The U.S. Department of Justice announced on Wednesday that it would press charges against two Islamic State terrorists of British origin for their part in the killing of American, British, and Japanese hostages in Syria.
Alexanda Amon Kotey and El Shafee Elsheikh, both former British citizens, are expected to appear at a federal courthouse in Virginia Wednesday afternoon, according to the statement. They have been indicted on eight counts.
“These charges are the product of many years of hard work in pursuit of justice for our citizens slain by ISIS. Although we cannot bring them back, we can and will seek justice for them, their families, and for all Americans,” said Attorney General William Barr in a statement Wednesday. “Our message to other terrorists around the world is this — if you harm Americans, you will face American arms on the battlefield or American law in our courtrooms. Either way, you will be pursued to the ends of the earth until justice is done.”
At the hands of these terrorists and their collaborators, hostages from many countries faced “a prolonged pattern of physical and psychological violence” and were subsequently murdered, often by beheading, according to the statement. The U.S. citizens murdered alongside these hostages include James Wright Foley, Kayla Jean Mueller, Steven Joel Sotloff, and Peter Edward Kassig.
FBI Director Christopher Wray had some stern words for the terrorists and took a moment to honor the families of the murdered American hostages.
“Today, we remember the victims, Jim Foley, Steven Sotloff, Peter Kassig, and Kayla Mueller, and their families who are forever affected by these senseless acts of violence,” said Wray. “These families have suffered with the painful loss of their loved ones at the hands of brutal killers; today’s charges demonstrate the FBI’s dedication and commitment to giving them the justice they deserve.”
“We, along with our partners in the U.S. Government,” Wray added, “remain steadfast in our duty to bring to justice those who have harmed our citizens — no matter where they are, and no matter how long it takes. I’m grateful to the men and women of the FBI, the victims’ families, and our domestic and international partners, for their tireless efforts to bring us to where we stand today with the prosecution of these men on U.S. soil.”
The two terrorists operated with two other British nationals. One of these other two, Mohamed Emwazi, is deceased and the other, whom the statement doesn’t name, is presently incarcerated in Turkey. The four were nicknamed “The Beatles” by their hostages for their British accents.
Kotey and Elsheikh, while attempting an escape from Syria into neighboring Turkey, were captured by Syrian Democratic Forces in January 2018.
You can follow Douglas Braff on Twitter @Douglas_P_Braff.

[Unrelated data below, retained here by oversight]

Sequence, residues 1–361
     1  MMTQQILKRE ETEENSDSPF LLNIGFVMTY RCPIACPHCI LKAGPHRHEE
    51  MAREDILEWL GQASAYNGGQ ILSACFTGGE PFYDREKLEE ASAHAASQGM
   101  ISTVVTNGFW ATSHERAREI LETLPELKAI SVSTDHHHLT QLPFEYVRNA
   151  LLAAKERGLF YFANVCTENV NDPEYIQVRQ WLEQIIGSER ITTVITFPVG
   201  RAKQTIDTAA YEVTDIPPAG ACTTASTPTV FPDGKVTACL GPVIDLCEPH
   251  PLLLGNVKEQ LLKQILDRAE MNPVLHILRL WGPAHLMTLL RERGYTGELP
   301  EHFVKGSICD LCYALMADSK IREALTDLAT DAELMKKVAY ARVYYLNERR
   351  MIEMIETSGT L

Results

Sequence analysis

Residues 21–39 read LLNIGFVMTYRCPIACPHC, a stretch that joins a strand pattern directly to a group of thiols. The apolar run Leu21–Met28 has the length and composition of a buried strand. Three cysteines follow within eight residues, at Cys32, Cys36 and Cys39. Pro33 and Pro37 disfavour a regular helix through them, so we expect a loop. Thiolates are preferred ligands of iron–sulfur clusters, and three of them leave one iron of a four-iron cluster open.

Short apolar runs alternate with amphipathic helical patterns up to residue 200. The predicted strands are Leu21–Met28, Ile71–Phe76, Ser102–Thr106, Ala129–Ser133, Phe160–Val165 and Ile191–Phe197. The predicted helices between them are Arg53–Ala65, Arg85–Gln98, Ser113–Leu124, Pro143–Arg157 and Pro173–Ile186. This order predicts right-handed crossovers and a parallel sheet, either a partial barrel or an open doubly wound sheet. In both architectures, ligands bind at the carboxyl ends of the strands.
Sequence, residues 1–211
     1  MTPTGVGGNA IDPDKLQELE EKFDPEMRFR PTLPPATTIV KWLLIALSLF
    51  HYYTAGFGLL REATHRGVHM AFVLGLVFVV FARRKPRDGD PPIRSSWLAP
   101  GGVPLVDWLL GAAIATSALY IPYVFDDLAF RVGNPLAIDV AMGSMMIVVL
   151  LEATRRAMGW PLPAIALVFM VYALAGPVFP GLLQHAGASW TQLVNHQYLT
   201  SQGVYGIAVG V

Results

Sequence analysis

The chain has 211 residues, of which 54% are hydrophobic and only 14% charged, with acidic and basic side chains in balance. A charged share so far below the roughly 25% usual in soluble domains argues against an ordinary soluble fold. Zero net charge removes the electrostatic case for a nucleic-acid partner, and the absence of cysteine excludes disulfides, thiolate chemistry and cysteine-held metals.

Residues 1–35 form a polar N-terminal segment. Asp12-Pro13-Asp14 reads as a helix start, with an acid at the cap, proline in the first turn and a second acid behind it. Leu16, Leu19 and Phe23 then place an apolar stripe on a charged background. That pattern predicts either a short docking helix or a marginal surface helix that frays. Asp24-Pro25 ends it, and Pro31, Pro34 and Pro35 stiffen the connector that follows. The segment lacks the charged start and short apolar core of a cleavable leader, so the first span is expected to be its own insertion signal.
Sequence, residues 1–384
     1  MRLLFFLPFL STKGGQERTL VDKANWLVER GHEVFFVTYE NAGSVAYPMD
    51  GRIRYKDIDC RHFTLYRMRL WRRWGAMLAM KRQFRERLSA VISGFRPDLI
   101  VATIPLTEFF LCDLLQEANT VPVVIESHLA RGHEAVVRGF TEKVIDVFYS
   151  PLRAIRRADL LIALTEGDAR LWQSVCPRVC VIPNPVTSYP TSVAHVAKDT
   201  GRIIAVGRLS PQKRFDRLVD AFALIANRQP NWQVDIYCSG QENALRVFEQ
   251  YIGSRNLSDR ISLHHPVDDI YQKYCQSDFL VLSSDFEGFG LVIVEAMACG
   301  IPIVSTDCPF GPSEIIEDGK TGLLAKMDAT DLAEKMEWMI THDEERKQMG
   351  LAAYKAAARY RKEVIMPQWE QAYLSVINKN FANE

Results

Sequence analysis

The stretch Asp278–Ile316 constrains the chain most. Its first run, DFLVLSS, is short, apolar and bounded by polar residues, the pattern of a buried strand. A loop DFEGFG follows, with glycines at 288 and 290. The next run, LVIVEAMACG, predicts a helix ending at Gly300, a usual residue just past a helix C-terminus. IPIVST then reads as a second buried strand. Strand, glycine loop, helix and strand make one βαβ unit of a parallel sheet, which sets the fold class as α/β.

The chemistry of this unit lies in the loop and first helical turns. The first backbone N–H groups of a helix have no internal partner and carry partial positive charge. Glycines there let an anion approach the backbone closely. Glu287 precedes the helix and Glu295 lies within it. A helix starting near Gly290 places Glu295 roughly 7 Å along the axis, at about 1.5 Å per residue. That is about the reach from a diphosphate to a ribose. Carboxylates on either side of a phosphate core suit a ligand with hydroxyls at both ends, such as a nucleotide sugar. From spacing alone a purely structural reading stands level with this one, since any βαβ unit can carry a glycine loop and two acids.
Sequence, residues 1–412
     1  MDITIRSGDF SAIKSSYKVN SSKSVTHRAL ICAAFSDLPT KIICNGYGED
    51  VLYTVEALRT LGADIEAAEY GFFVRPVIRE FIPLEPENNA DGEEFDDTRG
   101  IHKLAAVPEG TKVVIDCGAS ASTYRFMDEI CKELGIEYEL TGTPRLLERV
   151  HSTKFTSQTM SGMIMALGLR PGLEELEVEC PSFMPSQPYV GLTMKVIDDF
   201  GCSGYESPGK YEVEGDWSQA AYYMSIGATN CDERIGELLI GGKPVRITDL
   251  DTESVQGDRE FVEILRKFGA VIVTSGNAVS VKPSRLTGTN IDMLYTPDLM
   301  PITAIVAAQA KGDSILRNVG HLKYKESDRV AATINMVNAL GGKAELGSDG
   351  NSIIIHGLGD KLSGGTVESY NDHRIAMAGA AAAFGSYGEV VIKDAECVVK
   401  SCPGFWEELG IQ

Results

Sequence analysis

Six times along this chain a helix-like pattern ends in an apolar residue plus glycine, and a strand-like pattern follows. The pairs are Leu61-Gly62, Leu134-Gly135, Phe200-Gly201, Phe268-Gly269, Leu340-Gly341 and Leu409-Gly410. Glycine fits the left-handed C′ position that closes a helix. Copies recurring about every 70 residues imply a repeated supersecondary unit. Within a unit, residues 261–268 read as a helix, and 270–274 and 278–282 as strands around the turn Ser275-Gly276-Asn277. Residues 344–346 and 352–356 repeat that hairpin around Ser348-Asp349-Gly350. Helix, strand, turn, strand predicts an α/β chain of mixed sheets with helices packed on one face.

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The Guardian Removes Osama bin Laden’s “Letter to America” Amidst Viral Resurfacing
The Guardian, a left-wing media outlet, has taken down Osama bin Laden’s notorious “Letter to America” from its website this week after the words of the deceased terrorist mastermind, responsible for the attacks on September 11, 2001, gained traction on social media.
The letter, which had been published on The Guardian’s website since 2002, resurfaced online, causing a sudden spike in traffic. Social media users unearthed and shared the anti-American and antisemitic content, propelling the document to viral status. The Guardian, acknowledging the increased circulation without the full context, opted to remove the transcript.
According to reports from Fox News Digital, a spokesperson for The Guardian stated, “The transcript published on our website 20 years ago has been widely shared on social media without the full context. Therefore we have decided to take it down and direct readers to the news article that originally contextualized it instead.” The outlet declined to provide additional comments on the matter.
Osama bin Laden’s letter, translated into English, justified al-Qaeda’s attacks against the U.S. by citing American actions in Palestine. The deceased terrorist accused the U.S. of supporting the creation and continuation of Israel, labeling it one of the “greatest crimes” that must be erased. Bin Laden’s letter also propagated antisemitic tropes, claiming Jews control American policies, media, and the economy.
The 9/11 attacks, orchestrated by al-Qaeda, resulted in the deaths of nearly 3,000 people and left thousands more injured. The letter’s resurgence occurred as it was shared by social media influencers on platforms like TikTok, with some expressing a change in perspective. Pro-Palestinian activist Lynette Adkins was among those who shared the letter online, prompting discussions and reflections.
The Guardian’s decision to remove the letter from its website underscores the sensitivity surrounding the content and its potential impact, particularly as young individuals across America engage with pro-Palestinian talking points. The episode has sparked debates about the influence of social media in reshaping perceptions and the responsibility of media outlets in disseminating controversial historical documents.
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